YouTube gives up on original 'Rickroll'

Sometime recently, the Google-owned site pulled one of its most popular music videos over a copyright violation. Why now, when Rickrolling has been annoying us for years already?

Caroline McCarthy Former Staff writer, CNET News
Caroline McCarthy, a CNET News staff writer, is a downtown Manhattanite happily addicted to social-media tools and restaurant blogs. Her pre-CNET resume includes interning at an IT security firm and brewing cappuccinos.
Caroline McCarthy
3 min read

UPDATE (10:46 a.m. PT): The Rickroll is back. Scroll down for more details.

In what's either the saddest or most fantastic news of the week, the YouTube video for Rick Astley's "Never Gonna Give You Up" has been deemed a copyright violation.

Yes, that means the cheesy '80s pop video with tens of millions of views--the center of the "Rickrolling" Internet phenomenon--is no more.

It's not quite clear when it was removed, but the blog Neowin noticed it early Wednesday. "Never Gonna Give You Up" comes from the Astley album "Whenever You Need Somebody," which was released by RCA Records, currently a division of Sony Music Entertainment.

"Unbelievable. The song that put me to sleep every night. What am I supposed to listen to now?" one Neowin commenter lamented. (Sarcastically, I hope.)

The music industry is notoriously complex and bureaucratic, and the copyrights associated with it are often quite arcane, so it also isn't particularly clear as to why the song was pulled now--after being such a high-profile video on the site for years.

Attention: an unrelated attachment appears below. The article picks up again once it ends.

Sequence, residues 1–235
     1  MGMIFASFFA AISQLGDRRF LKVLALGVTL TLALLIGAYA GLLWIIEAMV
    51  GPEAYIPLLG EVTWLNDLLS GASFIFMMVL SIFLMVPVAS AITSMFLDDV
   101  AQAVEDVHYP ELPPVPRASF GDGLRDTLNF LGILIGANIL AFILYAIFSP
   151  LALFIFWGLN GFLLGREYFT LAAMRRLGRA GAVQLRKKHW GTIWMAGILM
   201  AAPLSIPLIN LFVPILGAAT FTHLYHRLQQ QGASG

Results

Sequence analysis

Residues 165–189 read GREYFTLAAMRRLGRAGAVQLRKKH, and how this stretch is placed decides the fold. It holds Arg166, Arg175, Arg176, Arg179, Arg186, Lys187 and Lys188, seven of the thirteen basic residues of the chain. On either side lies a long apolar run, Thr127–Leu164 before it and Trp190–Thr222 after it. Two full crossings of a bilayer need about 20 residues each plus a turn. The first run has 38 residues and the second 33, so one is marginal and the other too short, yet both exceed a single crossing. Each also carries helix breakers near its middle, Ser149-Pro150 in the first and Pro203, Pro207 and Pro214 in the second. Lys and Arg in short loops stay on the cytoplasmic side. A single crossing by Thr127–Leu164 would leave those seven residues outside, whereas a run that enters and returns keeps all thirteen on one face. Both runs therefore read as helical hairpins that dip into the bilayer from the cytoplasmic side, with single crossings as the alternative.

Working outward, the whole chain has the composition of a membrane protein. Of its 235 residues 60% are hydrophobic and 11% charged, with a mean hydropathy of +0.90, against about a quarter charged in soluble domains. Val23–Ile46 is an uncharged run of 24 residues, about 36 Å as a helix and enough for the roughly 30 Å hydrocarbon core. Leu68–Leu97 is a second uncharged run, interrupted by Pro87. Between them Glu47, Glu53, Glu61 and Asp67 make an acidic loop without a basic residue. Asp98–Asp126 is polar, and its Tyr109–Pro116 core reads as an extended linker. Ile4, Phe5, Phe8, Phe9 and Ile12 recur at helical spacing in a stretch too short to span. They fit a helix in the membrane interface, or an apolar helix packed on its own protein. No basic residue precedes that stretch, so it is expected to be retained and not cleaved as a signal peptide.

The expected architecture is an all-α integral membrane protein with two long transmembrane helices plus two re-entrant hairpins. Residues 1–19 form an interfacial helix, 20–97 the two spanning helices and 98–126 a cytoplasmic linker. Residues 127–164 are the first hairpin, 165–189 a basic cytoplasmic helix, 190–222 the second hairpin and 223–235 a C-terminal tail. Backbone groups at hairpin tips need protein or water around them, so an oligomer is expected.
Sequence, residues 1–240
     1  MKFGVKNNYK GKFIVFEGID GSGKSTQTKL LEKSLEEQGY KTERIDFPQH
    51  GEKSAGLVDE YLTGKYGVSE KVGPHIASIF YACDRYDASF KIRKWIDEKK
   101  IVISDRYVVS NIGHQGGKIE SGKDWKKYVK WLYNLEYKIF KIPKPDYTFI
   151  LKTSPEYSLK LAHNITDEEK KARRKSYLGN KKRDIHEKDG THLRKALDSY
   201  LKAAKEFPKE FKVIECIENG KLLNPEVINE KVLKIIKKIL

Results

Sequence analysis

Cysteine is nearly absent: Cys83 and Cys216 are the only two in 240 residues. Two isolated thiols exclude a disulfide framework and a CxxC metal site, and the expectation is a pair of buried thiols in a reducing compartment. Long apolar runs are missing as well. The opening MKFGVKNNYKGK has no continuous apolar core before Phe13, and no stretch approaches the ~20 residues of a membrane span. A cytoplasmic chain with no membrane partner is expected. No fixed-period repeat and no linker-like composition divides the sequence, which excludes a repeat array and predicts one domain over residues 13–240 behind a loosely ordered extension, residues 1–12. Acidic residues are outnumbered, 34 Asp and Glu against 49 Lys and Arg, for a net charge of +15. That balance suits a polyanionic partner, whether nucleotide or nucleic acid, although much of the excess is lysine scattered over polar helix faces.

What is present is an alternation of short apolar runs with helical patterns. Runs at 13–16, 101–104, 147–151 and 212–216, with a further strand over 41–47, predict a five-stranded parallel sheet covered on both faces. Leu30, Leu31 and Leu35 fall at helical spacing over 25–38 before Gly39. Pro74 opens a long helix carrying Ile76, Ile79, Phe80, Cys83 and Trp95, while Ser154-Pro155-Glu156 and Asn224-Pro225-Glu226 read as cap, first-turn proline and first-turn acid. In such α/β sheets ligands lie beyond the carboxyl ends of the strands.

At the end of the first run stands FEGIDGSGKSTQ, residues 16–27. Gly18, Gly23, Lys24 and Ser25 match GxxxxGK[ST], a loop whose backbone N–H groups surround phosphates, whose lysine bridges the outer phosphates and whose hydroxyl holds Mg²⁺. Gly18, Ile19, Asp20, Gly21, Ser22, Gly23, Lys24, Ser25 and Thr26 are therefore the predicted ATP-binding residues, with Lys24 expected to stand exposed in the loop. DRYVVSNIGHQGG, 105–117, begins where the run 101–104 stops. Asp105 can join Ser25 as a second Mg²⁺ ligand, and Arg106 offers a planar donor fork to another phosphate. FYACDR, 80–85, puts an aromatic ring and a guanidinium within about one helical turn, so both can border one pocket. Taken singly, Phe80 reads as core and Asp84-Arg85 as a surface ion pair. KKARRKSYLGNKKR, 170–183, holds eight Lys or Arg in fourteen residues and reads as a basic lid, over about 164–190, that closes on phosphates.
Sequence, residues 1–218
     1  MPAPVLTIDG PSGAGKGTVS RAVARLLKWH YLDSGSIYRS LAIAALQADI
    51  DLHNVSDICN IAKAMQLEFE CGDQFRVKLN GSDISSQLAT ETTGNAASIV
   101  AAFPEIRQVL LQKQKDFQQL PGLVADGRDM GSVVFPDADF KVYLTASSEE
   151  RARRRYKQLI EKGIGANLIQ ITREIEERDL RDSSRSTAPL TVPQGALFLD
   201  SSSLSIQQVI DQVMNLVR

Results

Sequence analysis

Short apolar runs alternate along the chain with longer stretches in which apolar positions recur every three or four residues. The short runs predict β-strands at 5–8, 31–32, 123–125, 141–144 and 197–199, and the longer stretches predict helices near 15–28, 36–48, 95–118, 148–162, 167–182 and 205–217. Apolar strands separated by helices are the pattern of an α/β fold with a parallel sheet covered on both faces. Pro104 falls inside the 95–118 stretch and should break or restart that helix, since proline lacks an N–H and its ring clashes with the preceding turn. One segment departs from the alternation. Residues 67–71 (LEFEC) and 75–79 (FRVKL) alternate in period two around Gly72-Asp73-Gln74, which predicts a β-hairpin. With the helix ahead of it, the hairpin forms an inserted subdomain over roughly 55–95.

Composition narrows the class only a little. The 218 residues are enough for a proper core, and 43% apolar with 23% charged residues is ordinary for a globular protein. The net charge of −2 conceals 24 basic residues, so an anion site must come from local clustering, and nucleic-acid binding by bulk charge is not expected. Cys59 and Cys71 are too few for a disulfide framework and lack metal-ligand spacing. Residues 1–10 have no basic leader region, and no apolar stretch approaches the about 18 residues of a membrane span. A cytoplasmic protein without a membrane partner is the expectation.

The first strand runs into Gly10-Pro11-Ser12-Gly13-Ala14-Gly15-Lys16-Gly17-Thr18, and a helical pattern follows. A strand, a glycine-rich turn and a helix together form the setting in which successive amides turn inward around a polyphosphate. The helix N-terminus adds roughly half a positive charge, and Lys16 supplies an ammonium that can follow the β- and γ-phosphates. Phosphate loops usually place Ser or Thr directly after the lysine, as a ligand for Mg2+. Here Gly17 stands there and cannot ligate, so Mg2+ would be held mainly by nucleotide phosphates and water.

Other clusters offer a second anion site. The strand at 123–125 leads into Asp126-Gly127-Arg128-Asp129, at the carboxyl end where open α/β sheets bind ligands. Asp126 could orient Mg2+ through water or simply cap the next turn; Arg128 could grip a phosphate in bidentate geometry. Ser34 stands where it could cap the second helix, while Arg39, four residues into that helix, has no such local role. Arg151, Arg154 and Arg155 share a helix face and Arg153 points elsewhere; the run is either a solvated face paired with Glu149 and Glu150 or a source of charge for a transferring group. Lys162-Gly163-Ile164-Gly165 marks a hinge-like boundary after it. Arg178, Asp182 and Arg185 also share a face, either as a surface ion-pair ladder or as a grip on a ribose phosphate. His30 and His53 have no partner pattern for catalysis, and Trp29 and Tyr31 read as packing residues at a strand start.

But there's already been some controversy over it. Last spring, one of the song's co-authors said he'd barely made a cent off its YouTube notoriety and said that YouTube parent company Google effectively "exploited" him. The industry just hasn't yet figured out how to handle Internet cult fame, as evidenced by Warner Music Group's silencing of a video that superimposed the Web meme "Keyboard Cat" into the video for Daryl Hall and John Oates' "You Make My Dreams."

Then there's OK Go, the pop group whose video for "Here It Goes Again" was one of YouTube's first breakout hits; the band's label, EMI, has disabled video embeds for all its artists. OK Go has made it clear that it's not happy but has acknowledged the label's right to do what it did.

On the flip side, Astley was a more or less forgotten pop star when forum community 4Chan began "Rickrolling" one another; by fall 2008, the pop-culture prank was so mainstream that Cartoon Network enlisted Astley himself to jump out of a float in the Macy's Thanksgiving Day Parade.

There are still multiple other copies of the "Never Gonna Give You Up" video on YouTube, so basically you aren't safe yet. And you can, luckily, still watch "Never Gonna Give Your Teen Spirit Up," a German DJ's mash-up of "Never Gonna Give You Up" with a song that's just about its polar opposite--Nirvana's "Smells Like Teen Spirit."

It works alarmingly well.

UPDATE: Rejoice! Google says that the Rickroll was flagged mistakenly: "With 20 hours of video uploaded every minute to YouTube, we count on our community members to know our Community Guidelines and to flag content they believe violates them," a statement from the company read. "We review all flagged content quickly, and if we find that a video does violate the guidelines, we remove it, on average in under an hour. We also have a team that is dedicated to identifying and removing spam from YouTube. Occasionally, a video flagged by users or identified by our spam team is mistakenly taken down. When this is brought to our attention, we review the content and take appropriate action, including restoring video or videos that had been removed."

That's pretty plausible. With all the annoyances of the Rickroll prank, I bet more than a few people flag it as spam every day.